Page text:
Can Bengal cats go outside? Get the answer from Untamed
The debate as to whether cat parents should let their feline friends roam outside freely is ongoing. The discussion seems to get even hotter when it comes to Bengals, considering their wild-cat genetics.
Can Bengal cats go outside? The answer is not that simple. This breed is a hybrid of a wild and domestic cat. They are incredibly active, love to climb trees, enjoy water and swimming, and adore hunting mice, birds, and lizards, so letting them follow their instincts seems like a wise idea. At the same time, keeping your feline companion inside is probably the best option if you want to keep them safe.
Untamed explains the positive and negative sides of both options to help you make the right decision.
Is it okay to let your Bengal go outside?
It is the 1645th day of my imprisonment. The birds are now mocking me. I’m plotting my escape and revenge.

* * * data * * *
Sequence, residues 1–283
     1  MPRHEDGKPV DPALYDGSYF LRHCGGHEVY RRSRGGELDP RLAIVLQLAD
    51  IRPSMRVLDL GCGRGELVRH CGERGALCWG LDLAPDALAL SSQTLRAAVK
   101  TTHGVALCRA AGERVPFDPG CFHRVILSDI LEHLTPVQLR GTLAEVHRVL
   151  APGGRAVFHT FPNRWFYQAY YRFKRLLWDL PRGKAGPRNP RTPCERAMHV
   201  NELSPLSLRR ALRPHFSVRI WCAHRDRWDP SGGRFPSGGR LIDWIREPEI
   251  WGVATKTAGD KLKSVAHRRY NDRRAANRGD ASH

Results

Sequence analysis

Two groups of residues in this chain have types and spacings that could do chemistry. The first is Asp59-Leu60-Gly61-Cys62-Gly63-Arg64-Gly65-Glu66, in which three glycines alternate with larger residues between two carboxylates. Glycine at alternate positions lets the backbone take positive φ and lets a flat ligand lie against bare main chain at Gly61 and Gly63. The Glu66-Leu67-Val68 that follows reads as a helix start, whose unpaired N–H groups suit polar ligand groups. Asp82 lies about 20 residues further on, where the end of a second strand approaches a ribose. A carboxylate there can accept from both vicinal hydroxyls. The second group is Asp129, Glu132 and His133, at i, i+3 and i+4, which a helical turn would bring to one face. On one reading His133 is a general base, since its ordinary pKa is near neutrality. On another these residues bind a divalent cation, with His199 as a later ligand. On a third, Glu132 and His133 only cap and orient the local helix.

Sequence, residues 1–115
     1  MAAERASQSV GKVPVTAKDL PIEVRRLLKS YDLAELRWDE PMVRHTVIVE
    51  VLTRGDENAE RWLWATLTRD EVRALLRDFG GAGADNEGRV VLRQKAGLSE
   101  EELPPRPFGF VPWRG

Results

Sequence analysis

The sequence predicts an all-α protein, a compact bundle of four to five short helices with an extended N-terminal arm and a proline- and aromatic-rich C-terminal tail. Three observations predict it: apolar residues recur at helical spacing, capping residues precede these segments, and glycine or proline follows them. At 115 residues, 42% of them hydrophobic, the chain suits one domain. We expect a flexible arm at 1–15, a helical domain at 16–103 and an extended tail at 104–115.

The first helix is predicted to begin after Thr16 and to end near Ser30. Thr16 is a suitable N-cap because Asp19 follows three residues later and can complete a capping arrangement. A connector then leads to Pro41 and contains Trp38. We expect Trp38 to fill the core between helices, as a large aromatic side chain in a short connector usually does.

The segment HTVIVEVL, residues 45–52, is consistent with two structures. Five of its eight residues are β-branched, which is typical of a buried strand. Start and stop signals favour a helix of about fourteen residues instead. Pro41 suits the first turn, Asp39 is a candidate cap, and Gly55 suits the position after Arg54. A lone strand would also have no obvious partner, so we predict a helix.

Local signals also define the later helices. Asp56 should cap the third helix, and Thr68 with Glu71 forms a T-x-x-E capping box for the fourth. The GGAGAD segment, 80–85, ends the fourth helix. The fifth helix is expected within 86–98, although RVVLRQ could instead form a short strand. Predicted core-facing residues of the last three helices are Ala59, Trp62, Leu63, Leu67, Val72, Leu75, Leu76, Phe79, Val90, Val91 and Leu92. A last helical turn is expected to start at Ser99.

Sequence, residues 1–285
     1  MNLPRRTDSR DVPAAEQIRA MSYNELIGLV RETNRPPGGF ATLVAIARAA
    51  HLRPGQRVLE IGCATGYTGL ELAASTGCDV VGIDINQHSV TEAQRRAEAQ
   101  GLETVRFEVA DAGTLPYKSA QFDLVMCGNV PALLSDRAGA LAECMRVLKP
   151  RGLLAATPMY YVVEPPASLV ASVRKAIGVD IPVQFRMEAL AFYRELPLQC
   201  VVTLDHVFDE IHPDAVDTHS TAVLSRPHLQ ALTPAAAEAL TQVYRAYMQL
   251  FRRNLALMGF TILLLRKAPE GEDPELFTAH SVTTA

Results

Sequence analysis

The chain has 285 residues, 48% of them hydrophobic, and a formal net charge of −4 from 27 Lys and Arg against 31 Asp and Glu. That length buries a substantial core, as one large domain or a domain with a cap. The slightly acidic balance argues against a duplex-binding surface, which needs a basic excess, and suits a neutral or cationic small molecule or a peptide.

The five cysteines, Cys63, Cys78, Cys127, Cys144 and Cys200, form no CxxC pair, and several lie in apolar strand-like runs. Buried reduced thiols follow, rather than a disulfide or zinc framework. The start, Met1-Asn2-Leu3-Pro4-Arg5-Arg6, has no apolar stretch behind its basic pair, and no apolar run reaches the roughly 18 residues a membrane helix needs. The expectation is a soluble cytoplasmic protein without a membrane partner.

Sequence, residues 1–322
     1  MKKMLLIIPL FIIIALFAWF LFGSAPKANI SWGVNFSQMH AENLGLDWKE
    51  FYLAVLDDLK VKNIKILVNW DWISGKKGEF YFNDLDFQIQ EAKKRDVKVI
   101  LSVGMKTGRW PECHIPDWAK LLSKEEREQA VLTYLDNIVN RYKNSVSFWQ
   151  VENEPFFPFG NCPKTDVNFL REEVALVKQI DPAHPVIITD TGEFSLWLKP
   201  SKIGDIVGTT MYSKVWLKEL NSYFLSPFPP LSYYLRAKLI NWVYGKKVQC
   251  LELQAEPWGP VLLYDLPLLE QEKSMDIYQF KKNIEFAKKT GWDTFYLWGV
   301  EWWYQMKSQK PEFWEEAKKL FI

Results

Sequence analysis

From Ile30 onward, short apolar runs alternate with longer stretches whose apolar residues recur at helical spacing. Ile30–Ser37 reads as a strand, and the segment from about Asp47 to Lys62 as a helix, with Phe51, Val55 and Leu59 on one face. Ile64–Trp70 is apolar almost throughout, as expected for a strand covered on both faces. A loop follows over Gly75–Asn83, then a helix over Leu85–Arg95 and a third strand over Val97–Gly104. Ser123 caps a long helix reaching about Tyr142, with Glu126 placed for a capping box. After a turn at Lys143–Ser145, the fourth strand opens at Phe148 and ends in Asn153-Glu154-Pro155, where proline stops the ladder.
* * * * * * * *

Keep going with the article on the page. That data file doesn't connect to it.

Your tiny leopard will benefit from outdoor activities, but you shouldn't let them go out unaccompanied.
Bengals are intelligent and can handle themselves pretty well in the great outdoors, but they are not immune to various dangers, including cars, parasites, diseases, and other animals. An unneutered stud is especially at risk because they will roam searching for a queen, so if you want to let them play outside, you must take the necessary precautions. The best option is to provide them with an enclosed space in your garden.
When deciding whether you'll let your Bengal kitty go outside, you should consider:
- How they can benefit from going out
- Why you may want to keep them inside
Why should you let your Bengal go outside?
There are numerous reasons to let your Bengal go out, including:
- More exercise and entertainment
- Improved socialisation
- Friendlier attitude
- Stable mental health
- Freedom to follow their instincts
More physical activity means constant entertainment
Today, I’m focusing on my core strength. I’m practising balancing in the narrowest of places.